UMass professor to lead study on gender identity and sexual orientation discrimination among federal contractors

Published: 1/19/2017 4:17:02 PM

AMHERST — An economics professor at the University of Massachusetts Amherst has been selected by the federal government to lead a first-of-its-kind study examining how federal contractors fare on gender identity and sexual orientation discrimination.

Lee Badgett, director of the School of Public Policy at UMass, said a $250,000 grant awarded to the university this week by the U.S. Department of Labor will help her and other researchers study the issue. 

UMass is one of eight schools to be awarded funds this week, totaling almost $2 million and administered through the Department of Labor’s Chief Evaluation Office.

Awardees will analyze how the department’s policies impact the public, Chief Evaluation Officer Molly Irwin, of the Department of Labor, said in a news release.

“These grants further our goals of supporting rigorous, independent research to understand the effectiveness of our programs and activities,” she said.

In 2014, President Obama issued an executive order banning federal contractors from discriminating based on gender identity or sexual orientation. The grants awarded this week aim to gauge how well contractors are compling with the order. 

“Nobody’s ever studied that — what kind of problems there might be amongst federal contractors, if any, and whether this executive order is helping to end discrimination,” Badgett said.

“There are lots of studies that have looked at this more generally in the U.S. labor force,” she added, citing, for example, a 2013 Pew Research Center survey stating that 21 percent of 1,197 LGBT respondents said they had been treated unfairly in the workplace.

Since 2013, the Equal Employment Opportunity Commission has accepted complaints from LGBT people in the workforce.

“Once they opened that door, thousands of people have filed complaints against their employers related to sexual orientation or gender identity discrimination,” Badgett said. “The data that we have is pretty amazing.”

Badgett will help lead the deep dive into department data along with Steve Boutcher, a UMass sociology assistant professor, and Amanda Baumle, another sociologist at the University of Houston, Badgett said. The team will use part of the money to hire students to help them mine the data trove.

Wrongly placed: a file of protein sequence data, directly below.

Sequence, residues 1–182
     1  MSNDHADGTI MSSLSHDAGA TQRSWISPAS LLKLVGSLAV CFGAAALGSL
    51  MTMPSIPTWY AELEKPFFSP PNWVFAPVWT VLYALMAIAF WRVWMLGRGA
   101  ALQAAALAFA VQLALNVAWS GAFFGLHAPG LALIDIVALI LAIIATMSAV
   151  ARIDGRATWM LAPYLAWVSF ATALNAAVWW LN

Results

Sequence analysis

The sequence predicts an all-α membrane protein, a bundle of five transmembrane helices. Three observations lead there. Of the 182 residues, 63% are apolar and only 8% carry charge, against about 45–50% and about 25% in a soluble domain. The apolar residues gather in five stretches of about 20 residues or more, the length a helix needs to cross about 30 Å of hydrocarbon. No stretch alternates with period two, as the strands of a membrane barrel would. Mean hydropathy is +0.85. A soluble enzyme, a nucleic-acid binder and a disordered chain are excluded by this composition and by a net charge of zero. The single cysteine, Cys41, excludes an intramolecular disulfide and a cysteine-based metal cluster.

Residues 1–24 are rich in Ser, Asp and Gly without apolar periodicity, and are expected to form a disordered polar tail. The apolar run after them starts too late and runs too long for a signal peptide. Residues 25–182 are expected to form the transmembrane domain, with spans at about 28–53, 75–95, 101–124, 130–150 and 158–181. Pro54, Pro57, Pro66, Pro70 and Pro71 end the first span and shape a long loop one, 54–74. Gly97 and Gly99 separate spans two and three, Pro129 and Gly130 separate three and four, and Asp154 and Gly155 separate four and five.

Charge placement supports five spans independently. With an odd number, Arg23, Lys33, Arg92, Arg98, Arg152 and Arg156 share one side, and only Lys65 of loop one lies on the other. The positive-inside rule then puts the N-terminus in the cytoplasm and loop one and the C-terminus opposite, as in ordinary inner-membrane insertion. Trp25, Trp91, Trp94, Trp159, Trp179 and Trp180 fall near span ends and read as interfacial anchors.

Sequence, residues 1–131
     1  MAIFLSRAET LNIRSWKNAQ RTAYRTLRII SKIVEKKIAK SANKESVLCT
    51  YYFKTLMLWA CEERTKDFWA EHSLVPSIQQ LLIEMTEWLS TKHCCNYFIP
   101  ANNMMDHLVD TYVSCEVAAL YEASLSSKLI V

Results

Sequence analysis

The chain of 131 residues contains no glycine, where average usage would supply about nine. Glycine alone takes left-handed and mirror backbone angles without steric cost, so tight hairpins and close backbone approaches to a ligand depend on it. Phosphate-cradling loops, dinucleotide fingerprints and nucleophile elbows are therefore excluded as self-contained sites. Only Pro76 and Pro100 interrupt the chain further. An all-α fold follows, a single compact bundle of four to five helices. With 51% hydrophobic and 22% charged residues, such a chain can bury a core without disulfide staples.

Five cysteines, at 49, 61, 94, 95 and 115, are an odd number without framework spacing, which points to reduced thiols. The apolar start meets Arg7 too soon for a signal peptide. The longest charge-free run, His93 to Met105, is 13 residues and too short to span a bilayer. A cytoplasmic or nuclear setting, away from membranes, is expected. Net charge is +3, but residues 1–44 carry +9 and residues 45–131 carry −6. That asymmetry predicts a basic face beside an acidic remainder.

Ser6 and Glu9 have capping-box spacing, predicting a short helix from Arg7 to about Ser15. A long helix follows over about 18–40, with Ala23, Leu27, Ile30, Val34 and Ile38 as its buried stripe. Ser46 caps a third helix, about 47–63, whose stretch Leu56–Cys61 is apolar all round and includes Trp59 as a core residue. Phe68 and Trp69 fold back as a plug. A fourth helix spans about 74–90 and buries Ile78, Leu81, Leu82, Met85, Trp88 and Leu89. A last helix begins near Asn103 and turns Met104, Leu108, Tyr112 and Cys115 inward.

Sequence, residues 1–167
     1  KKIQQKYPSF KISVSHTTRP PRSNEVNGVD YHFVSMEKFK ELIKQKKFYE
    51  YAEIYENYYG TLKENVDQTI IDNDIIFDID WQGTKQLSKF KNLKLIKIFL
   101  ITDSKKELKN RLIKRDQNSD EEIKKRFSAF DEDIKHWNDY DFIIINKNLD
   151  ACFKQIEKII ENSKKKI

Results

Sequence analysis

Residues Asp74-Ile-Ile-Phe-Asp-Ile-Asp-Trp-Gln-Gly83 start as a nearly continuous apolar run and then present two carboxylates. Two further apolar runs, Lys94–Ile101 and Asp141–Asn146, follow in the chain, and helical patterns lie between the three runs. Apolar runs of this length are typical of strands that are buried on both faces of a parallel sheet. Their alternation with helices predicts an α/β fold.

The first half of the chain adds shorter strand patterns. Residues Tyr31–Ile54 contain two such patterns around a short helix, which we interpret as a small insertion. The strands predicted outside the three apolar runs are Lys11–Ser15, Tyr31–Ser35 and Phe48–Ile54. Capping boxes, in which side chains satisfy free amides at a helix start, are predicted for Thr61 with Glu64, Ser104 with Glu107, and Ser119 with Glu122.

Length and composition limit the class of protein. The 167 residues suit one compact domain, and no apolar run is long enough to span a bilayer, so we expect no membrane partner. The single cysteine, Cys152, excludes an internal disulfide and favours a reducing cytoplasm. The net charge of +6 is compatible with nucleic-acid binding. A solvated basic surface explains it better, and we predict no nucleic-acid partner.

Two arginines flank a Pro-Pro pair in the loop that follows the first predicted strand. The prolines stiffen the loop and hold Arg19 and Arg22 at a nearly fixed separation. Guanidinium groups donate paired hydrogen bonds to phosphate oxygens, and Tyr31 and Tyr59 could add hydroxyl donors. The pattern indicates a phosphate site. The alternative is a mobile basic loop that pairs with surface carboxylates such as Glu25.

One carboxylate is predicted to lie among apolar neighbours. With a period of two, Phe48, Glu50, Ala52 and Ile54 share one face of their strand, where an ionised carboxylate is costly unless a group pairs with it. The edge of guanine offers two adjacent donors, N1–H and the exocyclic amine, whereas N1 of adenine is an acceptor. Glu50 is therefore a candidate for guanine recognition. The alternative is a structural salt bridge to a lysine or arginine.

Badgett said research will start this spring. In the near term, likely before the end of the year, the research team will be able to publish more quantifiable findings on discrimination in the workplace.

Some of the questions they’ll try to answer: In which states are most of the filings coming from? Who is filing — men, women, transgender people? What is their race? Do states with nondiscrimination laws have fewer complaints?

Badgett said longer term the team will analyze what industries the complaints are coming from. Researchers will also analyze the text of the complaints to try to see if there are any trends.

She added, “There will be a very laborious process of matching each of those charges to information about that employer that’s in an entirely different data set at the EEOC. That’s where we’ll find out if they are contractors or not.”

Two other Massachusetts universities received grant money: Harvard University received $188,000 to study the real effects of electronic wage payments, and Tufts University received $111,000 to analyze the effect of performance pay on U.S. workers’ physical and emotional health.

Joseph Versen, a Labor Department spokesman, said the grants were awarded Wednesday but that they might arrive at a later date because of additional required steps. He would not comment on whether incoming Trump administration officials could eliminate any funds, saying that “would involve too much speculation.”

Contact Jack Suntrup at



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